Home baked bread

Bread fresh from the oven

Bread fresh from the oven. Photo © Jacqui Newling

With our current focus on bread baking, it seemed fitting to include a recipe to make bread in our modern kitchens that uses a traditional technique – and this is the best one I’ve found yet. Good recipes that really work find themselves being recommended and passed on to others. I have Real Food Projects’ Kate Walsh to thank for endorsing this recipe, which is based on New York Times Mark Bittman’s ‘No-knead bread’ recipe, which he gleaned from Jim Lahey from the Sullivan Street Bakery and  published in the New York Times last year. The original article and recipe are on the NYT website (with some other, short-cut bread recipes) and there is a youtube video of the bread being made which you may find useful before embarking on making your own, especially if this is your first foray into domestic bread making.

This is my version, working with ingredients I had on hand, and easy to find in our supermarkets. It is a two-day process, but most of the time is taken up leaving the bread dough to prove, so its not hard work. There are ‘speedy’ and ‘fast’ alternatives on the NYT link, but neither worked as well as this one, nor were they as satisfying to make.

Dutch oven-baked bread


  • 2 cups bread flour or 00 flour
  • 1 cup wholemeal flour
  • 1/4 teaspoon granulated yeast
  • 1.5 teaspoons salt
  • 1/4 cup whole or instant oats


I like to get started on this recipe on a Friday evening, so we can enjoy freshly baked bread on Saturday and hand-cut slices of toast with breakfast on Sunday. 00 flour, sometimes sold as pizza flour, can be found at European delicatessens and larger supermarkets. It has a higher gluten content and makes a more robust loaf.


Bread dough, after first proving
Combine flours, yeast and salt in a large bowl. Add 400 millilitres of warm water and stir until blended. The dough will be sticky and ‘shaggy’. Cover the bowl in cling wrap and allow dough to prove for at least 12 hours at room temperature. The dough will swell in size and is ready when little bubbles appear on the surface.
Bread dough
Lightly flour a large wooden board or work surface, place dough onto it and sprinkle lightly with more flour, so your hands don’t stick to the dough. Fold the dough over on itself, turn it 90 degrees and fold it over again. Return it to the bowl, cover and rest for 15–20 minutes.
Bread dough
Line a large shallow bowl with a clean tea towel. Crumble the oats into a rough meal or powder in a mortar and pestle or by rubbing them in small batches between your hands. Scatter half the oats onto the tea towel to coat about 20–30 cm of the towel. With floured hands, remove the dough from the proving bowl and quickly form into a round ball. Turn the dough onto the tea towel, ‘seam’ or rough side down. Dust the surface with more oatmeal, cover with another cloth and let it rest a further 2 hours. The dough will expand further, and will resist springing back when poked with your finger.
Bread dough, ready to bake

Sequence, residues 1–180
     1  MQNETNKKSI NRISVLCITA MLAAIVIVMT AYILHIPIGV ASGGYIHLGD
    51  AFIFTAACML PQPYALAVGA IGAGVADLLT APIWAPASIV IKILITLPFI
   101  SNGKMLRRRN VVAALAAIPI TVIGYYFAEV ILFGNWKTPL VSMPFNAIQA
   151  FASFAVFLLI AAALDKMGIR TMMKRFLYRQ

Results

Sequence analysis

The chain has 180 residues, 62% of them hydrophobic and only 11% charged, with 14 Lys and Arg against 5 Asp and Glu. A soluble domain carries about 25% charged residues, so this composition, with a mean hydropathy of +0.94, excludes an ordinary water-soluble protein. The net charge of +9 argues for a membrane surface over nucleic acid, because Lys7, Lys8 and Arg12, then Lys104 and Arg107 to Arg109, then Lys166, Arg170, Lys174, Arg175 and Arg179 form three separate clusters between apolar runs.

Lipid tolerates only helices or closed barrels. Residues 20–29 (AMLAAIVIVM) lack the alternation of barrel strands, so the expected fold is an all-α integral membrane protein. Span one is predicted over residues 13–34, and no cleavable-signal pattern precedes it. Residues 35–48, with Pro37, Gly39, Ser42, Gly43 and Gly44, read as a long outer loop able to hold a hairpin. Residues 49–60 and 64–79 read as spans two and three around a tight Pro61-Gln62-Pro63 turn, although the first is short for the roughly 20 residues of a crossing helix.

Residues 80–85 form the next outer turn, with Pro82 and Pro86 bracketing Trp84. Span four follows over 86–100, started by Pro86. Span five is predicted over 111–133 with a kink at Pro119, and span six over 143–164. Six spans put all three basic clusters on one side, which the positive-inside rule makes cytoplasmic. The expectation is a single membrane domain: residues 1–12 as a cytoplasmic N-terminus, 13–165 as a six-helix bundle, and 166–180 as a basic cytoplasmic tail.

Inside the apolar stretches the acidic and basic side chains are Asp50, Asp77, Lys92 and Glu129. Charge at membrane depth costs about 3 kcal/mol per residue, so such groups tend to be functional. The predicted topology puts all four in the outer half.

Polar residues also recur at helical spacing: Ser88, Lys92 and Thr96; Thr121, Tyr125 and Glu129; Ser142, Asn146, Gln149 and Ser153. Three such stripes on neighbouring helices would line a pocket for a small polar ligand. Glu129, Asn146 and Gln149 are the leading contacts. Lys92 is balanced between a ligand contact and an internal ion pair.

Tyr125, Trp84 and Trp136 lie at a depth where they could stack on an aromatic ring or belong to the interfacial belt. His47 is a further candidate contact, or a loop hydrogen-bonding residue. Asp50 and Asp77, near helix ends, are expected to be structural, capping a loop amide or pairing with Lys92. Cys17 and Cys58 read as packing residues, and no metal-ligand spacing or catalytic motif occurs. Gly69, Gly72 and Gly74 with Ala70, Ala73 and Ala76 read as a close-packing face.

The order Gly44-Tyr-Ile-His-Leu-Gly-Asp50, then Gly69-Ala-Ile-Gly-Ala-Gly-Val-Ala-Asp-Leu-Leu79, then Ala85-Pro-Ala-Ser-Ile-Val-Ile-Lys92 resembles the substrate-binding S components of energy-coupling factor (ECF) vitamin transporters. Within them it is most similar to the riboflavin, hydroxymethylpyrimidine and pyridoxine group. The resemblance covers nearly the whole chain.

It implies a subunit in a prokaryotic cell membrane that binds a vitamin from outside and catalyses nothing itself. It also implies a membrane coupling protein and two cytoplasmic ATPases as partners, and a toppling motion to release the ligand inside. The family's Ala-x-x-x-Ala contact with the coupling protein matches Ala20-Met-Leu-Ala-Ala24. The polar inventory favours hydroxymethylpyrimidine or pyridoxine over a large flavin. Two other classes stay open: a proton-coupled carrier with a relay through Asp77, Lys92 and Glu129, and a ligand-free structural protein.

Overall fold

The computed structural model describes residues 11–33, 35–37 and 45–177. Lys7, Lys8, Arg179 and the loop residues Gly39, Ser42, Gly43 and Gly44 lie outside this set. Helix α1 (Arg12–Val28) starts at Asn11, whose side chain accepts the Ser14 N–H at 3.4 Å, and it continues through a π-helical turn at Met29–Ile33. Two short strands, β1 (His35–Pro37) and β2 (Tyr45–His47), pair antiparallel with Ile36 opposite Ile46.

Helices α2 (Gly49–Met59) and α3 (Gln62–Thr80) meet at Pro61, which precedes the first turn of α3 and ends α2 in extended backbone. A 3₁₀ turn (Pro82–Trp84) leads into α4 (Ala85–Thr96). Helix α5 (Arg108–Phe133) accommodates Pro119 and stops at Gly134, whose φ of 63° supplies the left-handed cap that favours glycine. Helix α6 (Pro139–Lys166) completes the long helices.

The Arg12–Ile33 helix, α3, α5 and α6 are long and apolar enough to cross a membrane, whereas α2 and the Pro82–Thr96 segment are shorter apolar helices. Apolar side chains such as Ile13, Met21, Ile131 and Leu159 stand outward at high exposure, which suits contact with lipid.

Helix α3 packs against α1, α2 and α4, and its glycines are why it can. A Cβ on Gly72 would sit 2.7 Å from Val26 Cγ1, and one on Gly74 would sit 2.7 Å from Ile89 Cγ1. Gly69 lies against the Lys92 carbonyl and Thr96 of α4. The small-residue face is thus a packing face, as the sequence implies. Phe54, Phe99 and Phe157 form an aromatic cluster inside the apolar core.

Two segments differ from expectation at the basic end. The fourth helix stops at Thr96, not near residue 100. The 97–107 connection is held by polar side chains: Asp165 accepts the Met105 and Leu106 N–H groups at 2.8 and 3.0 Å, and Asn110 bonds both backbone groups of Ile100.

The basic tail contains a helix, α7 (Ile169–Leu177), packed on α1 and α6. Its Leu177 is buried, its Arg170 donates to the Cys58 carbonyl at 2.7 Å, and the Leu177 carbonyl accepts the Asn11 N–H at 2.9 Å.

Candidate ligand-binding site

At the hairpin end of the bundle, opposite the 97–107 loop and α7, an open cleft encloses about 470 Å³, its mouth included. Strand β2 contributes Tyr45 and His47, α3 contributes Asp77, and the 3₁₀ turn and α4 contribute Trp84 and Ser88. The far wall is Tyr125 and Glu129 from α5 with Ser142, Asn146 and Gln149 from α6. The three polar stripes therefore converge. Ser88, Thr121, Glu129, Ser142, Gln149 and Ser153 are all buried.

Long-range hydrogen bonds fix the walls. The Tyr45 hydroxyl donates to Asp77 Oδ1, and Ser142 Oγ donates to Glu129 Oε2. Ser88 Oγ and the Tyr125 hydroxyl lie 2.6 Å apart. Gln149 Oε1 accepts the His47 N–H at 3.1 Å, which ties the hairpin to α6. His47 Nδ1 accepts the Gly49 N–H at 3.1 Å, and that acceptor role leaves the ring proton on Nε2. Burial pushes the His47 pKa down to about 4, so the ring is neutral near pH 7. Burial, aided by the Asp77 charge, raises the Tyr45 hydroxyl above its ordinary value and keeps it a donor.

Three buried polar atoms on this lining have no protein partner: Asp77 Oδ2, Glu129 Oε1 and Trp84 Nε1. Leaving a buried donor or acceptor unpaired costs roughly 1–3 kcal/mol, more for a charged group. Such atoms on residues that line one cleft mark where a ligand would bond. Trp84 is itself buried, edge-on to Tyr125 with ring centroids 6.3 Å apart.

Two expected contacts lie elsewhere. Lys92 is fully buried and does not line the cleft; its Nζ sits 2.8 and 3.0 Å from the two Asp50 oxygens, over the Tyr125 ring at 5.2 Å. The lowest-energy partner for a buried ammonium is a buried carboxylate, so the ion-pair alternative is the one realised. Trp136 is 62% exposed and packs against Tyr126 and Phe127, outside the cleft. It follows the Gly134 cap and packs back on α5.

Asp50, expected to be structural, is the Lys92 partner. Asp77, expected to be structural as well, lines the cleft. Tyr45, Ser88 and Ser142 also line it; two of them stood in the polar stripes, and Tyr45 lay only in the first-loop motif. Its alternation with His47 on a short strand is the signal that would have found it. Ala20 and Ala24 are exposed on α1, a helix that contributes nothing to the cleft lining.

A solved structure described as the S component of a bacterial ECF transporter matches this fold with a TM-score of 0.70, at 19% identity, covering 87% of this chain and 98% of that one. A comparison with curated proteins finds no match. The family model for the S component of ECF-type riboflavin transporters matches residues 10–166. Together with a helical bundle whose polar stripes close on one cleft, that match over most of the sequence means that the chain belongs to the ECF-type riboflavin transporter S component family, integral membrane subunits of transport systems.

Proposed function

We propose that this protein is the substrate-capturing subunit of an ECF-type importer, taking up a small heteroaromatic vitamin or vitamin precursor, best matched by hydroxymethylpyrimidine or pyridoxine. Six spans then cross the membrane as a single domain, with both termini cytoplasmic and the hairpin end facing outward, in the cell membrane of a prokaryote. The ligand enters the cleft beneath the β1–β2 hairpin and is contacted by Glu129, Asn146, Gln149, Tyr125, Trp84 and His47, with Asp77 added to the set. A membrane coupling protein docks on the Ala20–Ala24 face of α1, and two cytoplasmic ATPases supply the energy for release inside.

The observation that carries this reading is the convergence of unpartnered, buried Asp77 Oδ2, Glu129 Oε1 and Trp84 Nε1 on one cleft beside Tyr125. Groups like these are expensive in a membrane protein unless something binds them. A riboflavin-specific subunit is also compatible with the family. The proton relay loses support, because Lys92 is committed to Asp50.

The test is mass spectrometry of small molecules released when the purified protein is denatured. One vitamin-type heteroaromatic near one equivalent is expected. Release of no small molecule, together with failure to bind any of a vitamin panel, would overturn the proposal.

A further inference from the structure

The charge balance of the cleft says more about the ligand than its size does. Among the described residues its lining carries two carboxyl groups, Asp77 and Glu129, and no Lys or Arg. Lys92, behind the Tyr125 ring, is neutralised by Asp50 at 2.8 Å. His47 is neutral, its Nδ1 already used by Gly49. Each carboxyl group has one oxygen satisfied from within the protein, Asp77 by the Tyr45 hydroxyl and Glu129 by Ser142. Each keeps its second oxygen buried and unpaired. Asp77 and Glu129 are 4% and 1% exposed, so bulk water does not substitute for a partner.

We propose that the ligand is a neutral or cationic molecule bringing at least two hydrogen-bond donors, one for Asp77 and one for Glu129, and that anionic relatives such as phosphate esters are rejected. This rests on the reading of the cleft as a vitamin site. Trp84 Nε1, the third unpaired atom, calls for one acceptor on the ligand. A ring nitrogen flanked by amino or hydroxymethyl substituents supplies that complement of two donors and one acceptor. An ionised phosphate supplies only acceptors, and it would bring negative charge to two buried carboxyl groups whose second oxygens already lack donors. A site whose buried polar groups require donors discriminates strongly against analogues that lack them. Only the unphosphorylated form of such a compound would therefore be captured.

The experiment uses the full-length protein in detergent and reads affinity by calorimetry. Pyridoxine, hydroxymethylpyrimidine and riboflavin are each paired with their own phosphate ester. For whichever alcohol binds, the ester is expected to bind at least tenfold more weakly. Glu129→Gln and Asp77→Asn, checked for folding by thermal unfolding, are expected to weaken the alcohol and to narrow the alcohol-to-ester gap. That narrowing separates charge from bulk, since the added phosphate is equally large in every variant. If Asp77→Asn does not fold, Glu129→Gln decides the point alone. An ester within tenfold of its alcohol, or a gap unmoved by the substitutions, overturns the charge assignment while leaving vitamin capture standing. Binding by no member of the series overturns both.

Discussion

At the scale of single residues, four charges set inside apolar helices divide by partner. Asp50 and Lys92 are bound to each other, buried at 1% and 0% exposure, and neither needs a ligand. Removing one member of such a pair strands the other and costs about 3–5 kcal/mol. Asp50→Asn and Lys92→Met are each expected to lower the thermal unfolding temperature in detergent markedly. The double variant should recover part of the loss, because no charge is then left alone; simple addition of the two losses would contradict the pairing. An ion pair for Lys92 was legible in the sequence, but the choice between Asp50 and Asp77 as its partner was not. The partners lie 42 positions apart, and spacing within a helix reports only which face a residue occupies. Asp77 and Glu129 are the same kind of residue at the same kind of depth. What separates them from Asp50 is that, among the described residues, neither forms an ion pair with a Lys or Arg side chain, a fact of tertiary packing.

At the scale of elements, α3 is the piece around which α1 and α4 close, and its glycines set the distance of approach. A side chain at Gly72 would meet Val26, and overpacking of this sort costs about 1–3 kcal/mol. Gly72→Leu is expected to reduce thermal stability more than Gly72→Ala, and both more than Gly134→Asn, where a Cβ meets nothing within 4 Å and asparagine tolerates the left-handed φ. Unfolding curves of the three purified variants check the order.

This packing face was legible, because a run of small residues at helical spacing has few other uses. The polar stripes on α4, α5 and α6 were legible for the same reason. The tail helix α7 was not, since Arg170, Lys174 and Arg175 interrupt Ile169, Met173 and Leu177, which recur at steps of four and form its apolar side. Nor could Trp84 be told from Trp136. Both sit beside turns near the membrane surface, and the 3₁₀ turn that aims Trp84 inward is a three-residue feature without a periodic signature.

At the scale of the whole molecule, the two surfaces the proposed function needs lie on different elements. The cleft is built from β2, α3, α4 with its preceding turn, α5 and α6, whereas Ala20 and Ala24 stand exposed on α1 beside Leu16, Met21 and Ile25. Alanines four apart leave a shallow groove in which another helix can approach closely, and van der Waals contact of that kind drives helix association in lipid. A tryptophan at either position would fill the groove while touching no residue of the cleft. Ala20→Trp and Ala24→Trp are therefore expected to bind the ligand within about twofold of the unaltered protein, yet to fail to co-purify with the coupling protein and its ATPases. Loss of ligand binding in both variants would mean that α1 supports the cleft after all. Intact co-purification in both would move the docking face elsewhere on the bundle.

Meanwhile, an hour and a half after leaving the dough to rest in the cloth, place a deep enamelled cast-iron 'Dutch oven' or lidded casserole into the oven. Set the oven to 200°C, to preheat in time for the dough to be ready. Using heavy quality oven mitts, remove the pot from the oven and place on a heatproof surface. Uncover the dough, and slide your hand under the dough-filled tea towel, and lift carefully, allowing any excess oatmeal to fall away from the cloth (see next step).

Quickly upturn the dough into the heated pot (the excess oatmeal will fly everywhere and make a big mess if you skipped the previous step). Using oven gloves, shake the pot to centre the dough – don't worry if it doesn’t look too neat, as it will shape itself as it cooks.
Bread, before final baking stage.
Cover with the lid and bake for 30 minutes. Using oven gloves, remove lid and continue to bake for another 20–30 minutes, until the loaf is browned on top and sounds hollow when you tap it.
Fresh from the oven
Carefully remove from the pot and cool on a rack before slicing.
  • Hannah Gordon

    Dear Cook and Curator

    The historical insight into bread making and oven design was both informative and inspiring. Must watch combustibles in kitchen, didn’t realise flour was so reactive.

    I have been making bread for 25 years now and it is refreshing to read your no need to knead recipe. My starter is 23 years young and has performed in rigorously and gently kneaded loaves. It is definitely worth nurturing the humble loaf!

    If I may add a tip it would be to lightly sprinkle a bit of water or spray dough with an atomiser just before baking it in the oven. Keeping a lid on the dutch oven whilst cooking has a similar effect.

    Floury Thanks
    Hannah Gordon

    • The Cook

      HI Hannah, a 23 year old starter is most impressive! thanks for the tip – Im sure many of our readers will find it useful.
      Using the lid on the Dutch oven does seem to keep the loaf from drying out, and for the final 15 minutes with lid off I turn off the fan which meant the crust doesn’t harden too much.
      For my latest loaf I used 50/50 ’00’ flour and wholemeal – it produced a denser crumb but lovely flavour – how’s everyone else in bakery mode doing with this recipe?